What would you do if 3,000 people came to you, and Jesus told you to feed them? Most of us would do what the people did the first time this kind of thing happened.
“Just how are we supposed to do that,” they protested. They didn’t have enough food or money to buy it to feed all those thousands of people. “Just send them away, and quick,” they said. “Let them feed themselves.”
Of course, my question isn’t about a crowd of people clamoring for Jesus’ teaching and miracles. My question is about 3,000 unaccompanied male immigrants aged 15 to 17 who may spend 90 days in the Kay Bailey Hutchison Convention Center in Dallas, and the close to 1,000 immigrant youth sent to Midland.
What would you do if Jesus told you to feed them? Clothe them? Visit them? Care for them?
I understand it may not be as straightforward as that.
You might say I’m making a false comparison. The people Jesus fed didn’t cross an international border illegally, whereas thousands of unaccompanied minors are in U.S. Border Patrol custody for violating U.S. immigration law by how they entered the United States.
Does that mean Jesus wouldn’t feed them or ask us to?
You might say Jesus feeding thousands in his day was then; this is now. We have government programs now and groups like Catholic Charities that ensure people are fed.
True enough. In fact, these programs and charities are just two reasons people all over the world see the United States as a beacon of hope.
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Does our government relieve us of the responsibility to feed people if Jesus tells us to feed them? Do religious charities absolve us of personal responsibility?
You might point out there are rules and regulations at federal detention facilities and temporary “decompression centers.” You can’t just march up to a federal facility, push through the door and hand a bag of groceries to a detainee. Even organizations like Catholic Charities require a government invitation to be involved.
Again, true enough. But do rules and regulations negate our obligation to do what Jesus tells us to do? If it was a different situation, like smuggling Bibles into a closed country, would we throw up our hands?
On second thought
Maybe the problem isn’t what Jesus commands. After all, we agree Jesus told us to feed the hungry, clothe the naked, and visit the sick and imprisoned … if we want Jesus to recognize us as one of his people and thereby avoid eternal punishment (Matthew 25:31-46).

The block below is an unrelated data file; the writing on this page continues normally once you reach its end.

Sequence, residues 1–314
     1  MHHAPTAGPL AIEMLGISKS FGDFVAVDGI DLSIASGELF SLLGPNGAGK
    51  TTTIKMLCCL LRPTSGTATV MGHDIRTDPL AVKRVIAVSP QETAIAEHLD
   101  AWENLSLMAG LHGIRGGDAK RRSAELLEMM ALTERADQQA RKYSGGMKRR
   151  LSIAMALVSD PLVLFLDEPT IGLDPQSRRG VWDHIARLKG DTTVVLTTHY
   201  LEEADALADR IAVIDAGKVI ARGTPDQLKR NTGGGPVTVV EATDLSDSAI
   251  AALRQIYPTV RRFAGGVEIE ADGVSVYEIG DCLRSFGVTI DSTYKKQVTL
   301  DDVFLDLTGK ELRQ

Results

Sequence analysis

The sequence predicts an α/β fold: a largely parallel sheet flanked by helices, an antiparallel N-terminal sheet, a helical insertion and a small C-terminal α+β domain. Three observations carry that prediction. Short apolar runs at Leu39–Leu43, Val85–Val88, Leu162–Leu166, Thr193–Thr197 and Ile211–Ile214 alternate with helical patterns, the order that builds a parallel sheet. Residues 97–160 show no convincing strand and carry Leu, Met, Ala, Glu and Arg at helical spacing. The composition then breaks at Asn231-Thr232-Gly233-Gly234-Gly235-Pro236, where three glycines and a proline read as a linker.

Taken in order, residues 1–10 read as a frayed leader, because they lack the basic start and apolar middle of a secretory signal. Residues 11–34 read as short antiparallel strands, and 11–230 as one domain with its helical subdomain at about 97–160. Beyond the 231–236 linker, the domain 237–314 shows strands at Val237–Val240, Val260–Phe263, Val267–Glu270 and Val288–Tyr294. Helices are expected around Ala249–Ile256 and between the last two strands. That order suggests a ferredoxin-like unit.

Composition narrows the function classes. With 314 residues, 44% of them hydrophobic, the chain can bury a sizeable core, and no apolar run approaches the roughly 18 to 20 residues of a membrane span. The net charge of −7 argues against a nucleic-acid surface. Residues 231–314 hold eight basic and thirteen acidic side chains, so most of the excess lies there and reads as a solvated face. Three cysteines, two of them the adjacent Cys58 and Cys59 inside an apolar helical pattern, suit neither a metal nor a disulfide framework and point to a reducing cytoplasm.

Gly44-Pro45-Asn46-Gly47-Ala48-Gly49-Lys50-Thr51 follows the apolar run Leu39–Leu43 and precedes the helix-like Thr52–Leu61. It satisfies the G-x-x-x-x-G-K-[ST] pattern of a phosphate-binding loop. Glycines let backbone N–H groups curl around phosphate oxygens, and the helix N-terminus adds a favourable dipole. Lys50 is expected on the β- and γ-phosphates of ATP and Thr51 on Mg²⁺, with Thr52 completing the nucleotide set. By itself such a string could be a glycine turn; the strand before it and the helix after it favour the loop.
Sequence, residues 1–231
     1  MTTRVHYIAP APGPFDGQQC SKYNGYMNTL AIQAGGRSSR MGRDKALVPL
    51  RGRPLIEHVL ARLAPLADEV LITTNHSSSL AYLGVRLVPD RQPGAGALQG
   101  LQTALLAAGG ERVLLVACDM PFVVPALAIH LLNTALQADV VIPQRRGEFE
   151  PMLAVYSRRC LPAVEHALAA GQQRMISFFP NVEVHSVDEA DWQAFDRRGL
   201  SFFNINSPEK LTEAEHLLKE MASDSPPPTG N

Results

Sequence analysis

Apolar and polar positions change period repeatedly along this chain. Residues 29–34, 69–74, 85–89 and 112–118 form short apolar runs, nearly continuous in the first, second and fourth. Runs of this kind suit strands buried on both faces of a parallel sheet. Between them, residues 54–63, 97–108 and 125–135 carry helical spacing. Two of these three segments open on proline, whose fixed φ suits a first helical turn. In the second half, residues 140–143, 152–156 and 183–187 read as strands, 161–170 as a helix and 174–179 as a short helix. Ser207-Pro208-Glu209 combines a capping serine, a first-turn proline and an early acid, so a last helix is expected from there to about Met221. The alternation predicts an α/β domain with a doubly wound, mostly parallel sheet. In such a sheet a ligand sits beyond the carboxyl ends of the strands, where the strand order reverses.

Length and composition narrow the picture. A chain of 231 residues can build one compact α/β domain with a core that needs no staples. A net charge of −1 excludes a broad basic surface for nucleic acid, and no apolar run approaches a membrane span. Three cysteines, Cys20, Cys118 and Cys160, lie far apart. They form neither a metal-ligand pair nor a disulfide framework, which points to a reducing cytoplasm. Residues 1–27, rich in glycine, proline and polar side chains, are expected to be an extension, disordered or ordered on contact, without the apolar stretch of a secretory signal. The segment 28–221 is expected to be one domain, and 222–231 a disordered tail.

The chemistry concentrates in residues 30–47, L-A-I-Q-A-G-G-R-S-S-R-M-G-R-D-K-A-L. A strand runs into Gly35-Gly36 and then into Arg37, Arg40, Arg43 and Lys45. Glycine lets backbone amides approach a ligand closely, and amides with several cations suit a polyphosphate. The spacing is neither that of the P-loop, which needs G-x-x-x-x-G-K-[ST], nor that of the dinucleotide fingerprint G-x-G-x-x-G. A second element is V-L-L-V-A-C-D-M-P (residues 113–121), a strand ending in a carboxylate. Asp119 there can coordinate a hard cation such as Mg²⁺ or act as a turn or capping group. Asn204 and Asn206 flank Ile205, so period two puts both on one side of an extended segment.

Maybe the problem is the personal nature of Jesus’ command, that he would expect us to keep his command at home, here, the United States.
Maybe we don’t think we have enough to feed ourselves and someone else’s kids, too, which really is ironic. Why would Jesus—the one who more than once fed thousands—tell us to do something he thought we couldn’t do? If he tells us to feed them, either he thinks we’re capable, or he expects us to turn to him and let him work a miracle again.
Maybe we don’t see the luxury we have of debating whether to be involved personally in caring for detained immigrants, because we’re not the ones desperate to be somewhere else. We’re not the ones risking our own lives and the lives of our children for the chance of staying alive.
Maybe we are forgetting what history teaches us, that someday the shoe will be on the other foot. Someday, it will be our children, grandchildren, great-grandchildren, or we ourselves—just as it was our parents, grandparents, great-grandparents or other forebears—who are willing to risk everything, maybe even violating immigration law, just to have a safe place to sleep.
A sensitive subject
Immigration is a sensitive subject, because immigration is a personal subject. It involves what we think about ourselves and other people. It touches on our sense of security and fairness. Who’s allowed to move, why, when and where? Who makes the rules—those who were there first, or second, or third?
Regardless how anyone gets from one place to another—legally or illegally—the reality is people migrate because they have to, not out of boredom or curiosity.
“It cannot be overstated often or strongly enough: They are not coming for the so-called ‘better life.’ They are coming for life. Bare life. Just to live. As one mother said, ‘I just want to see my daughter smile,’” Rev. Dr. Helen T. Boursier, author of Desperately Seeking Asylum: Testimonies of Trauma, Courage, and Love, stated to me in an email.
What would you do if Jesus told you to feed them?
British economist and Oxford professor Paul Collier wrote about immigration in Exodus: How Migration is Changing Our World, “There is a clear moral obligation to help very poor people who live in other countries.” He goes on to write, “Allowing some of them to move to rich countries is one way of helping them.”
A moral obligation, indeed. If the Bible is to be believed, if God’s word holds any authority, there is more than a moral obligation to help those in need, even if we disagree over who we should help, where and when.
The particulars about the who, how, when and why of immigration do not determine our response to Jesus, should he tell us to feed immigrants. As important as sorting out these particulars is—and they do need to be sorted out in the most just way for all involved—the obligation really is clear.
Jesus did tell us to feed them. Now, how will we do it? You can find some ways here.